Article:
In an interview with the German media outlet DW yesterday, the Dalai Lama clarified his earlier comments on violence and the Paris attacks. When asked about those attacks, he suggested that the violence we see today is a spillover of the violent 20th century, but:
If we emphasize more on non-violence and harmony, we can herald a new beginning. Unless we make serious attempts to achieve peace, we will continue to see a replay of the mayhem humanity experienced in the 20th century.
He re-emphasized the shortsightedness of terrorist acts and clarified his earlier statement about prayer:
We cannot solve this problem only through prayers. I am a Buddhist and I believe in praying. But humans have created this problem, and now we are asking God to solve it. It is illogical. God would say, solve it yourself because you created it in the first place.
We need a systematic approach to foster humanistic values, of oneness and harmony. If we start doing it now, there is hope that this century will be different from the previous one. It is in everybody’s interest. So let us work for peace within our families and society, and not expect help from God, Buddha or the governments.
This message of personal responsibility, inner work, and community-focus has been offered by the Dalai Lama and other Buddhist teachers for centuries. And it is worth restating his words in the wake of the 9/11 attacks, which have proved prophetic:
Terrorism cannot be overcome by the use of force because it does not address the complex underlying problems. In fact the use of force may not only fail to solve the problems, it may exacerbate them and frequently leaves destruction and suffering in its wake. Human conflicts should be resolved with compassion. The key is non-violence.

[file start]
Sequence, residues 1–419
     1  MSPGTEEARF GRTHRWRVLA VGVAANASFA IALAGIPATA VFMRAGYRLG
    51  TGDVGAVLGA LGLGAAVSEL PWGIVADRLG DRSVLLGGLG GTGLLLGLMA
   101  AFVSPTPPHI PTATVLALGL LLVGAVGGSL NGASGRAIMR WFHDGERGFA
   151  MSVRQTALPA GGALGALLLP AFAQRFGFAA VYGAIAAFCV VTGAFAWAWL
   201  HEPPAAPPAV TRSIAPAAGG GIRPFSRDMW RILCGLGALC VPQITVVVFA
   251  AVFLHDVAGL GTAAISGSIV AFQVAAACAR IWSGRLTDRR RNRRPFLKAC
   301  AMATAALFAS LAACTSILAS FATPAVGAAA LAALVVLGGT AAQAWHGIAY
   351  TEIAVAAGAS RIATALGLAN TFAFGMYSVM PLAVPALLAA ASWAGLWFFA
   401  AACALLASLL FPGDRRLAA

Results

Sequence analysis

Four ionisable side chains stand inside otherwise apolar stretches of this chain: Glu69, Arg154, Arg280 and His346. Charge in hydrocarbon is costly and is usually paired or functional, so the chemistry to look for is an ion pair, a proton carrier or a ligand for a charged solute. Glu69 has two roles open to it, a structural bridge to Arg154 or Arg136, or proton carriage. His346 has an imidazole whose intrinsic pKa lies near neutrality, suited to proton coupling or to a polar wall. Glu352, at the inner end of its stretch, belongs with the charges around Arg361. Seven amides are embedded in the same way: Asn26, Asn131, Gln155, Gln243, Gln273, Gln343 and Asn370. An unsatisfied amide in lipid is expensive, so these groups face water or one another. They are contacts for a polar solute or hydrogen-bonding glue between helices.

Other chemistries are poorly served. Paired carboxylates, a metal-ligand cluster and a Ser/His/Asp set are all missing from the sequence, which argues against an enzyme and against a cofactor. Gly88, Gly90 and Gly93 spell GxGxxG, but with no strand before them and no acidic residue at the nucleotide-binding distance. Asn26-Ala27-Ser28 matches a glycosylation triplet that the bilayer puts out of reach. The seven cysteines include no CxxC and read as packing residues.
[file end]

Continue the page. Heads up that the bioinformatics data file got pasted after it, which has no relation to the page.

President Obama yesterday echoed this sentiment in part when speaking of his policy in Syria and Iraq, saying, “This is not, as I said, a traditional military opponent. We can retake territory. And as long as we leave our troops there, we can hold it, but that does not solve the underlying problem of eliminating the dynamics that are producing these kinds of violent extremist groups.”
However, the nonviolence taught here does not come at the expense of self-defense. In an interview for the 2006 movie “10 Questions for the Dalai Lama,” he is asked pointedly, “At what point do you give up nonviolence, and at what point do you confront something that is truly evil in the name of doing what’s right?”
The Dalai Lama responds:
Basically, the nonviolent method is the best one or the real method to solve the problem. But because of some immediate danger -something happen- so protect oneself in order to deal with that problem next week. If you die today, then no one perceives it that way… So I think [there can be] some measure for protecting oneself. Then, maybe, as you mentioned, there is something or someone who is going to kill, going to abuse, then, if circumstances suggest there is no other way, then, maybe, I think just try to hit back. But this is just for protection.
Yet he concludes again on a non-violent note, saying that in today’s interconnected world, “the destruction of your so-called enemy is actually the destruction of yourself.”